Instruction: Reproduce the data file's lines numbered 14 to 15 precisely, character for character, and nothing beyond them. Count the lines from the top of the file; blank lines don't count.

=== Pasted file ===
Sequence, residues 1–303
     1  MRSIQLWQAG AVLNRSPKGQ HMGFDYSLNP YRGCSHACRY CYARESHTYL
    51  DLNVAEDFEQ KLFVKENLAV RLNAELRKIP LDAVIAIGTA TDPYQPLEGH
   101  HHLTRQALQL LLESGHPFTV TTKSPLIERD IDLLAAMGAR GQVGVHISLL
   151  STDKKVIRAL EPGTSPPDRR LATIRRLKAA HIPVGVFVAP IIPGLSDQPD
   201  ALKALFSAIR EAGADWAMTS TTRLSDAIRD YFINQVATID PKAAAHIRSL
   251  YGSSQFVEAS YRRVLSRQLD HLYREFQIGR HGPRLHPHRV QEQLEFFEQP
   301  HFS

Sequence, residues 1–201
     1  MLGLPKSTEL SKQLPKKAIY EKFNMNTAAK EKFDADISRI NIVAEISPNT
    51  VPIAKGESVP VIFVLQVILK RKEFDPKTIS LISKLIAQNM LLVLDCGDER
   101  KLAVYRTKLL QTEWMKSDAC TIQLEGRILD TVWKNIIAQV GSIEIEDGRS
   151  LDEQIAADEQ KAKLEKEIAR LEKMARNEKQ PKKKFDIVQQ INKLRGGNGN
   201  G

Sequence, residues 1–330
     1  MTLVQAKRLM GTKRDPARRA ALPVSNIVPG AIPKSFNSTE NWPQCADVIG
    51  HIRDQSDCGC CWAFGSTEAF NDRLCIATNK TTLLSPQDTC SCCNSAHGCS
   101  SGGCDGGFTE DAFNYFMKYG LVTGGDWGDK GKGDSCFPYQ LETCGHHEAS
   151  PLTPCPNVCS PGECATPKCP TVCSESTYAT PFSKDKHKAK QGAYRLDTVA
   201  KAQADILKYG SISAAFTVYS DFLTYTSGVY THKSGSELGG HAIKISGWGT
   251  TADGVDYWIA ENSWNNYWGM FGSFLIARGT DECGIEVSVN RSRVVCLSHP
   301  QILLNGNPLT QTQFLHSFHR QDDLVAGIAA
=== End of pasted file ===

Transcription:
   201  G

Sequence, residues 1–330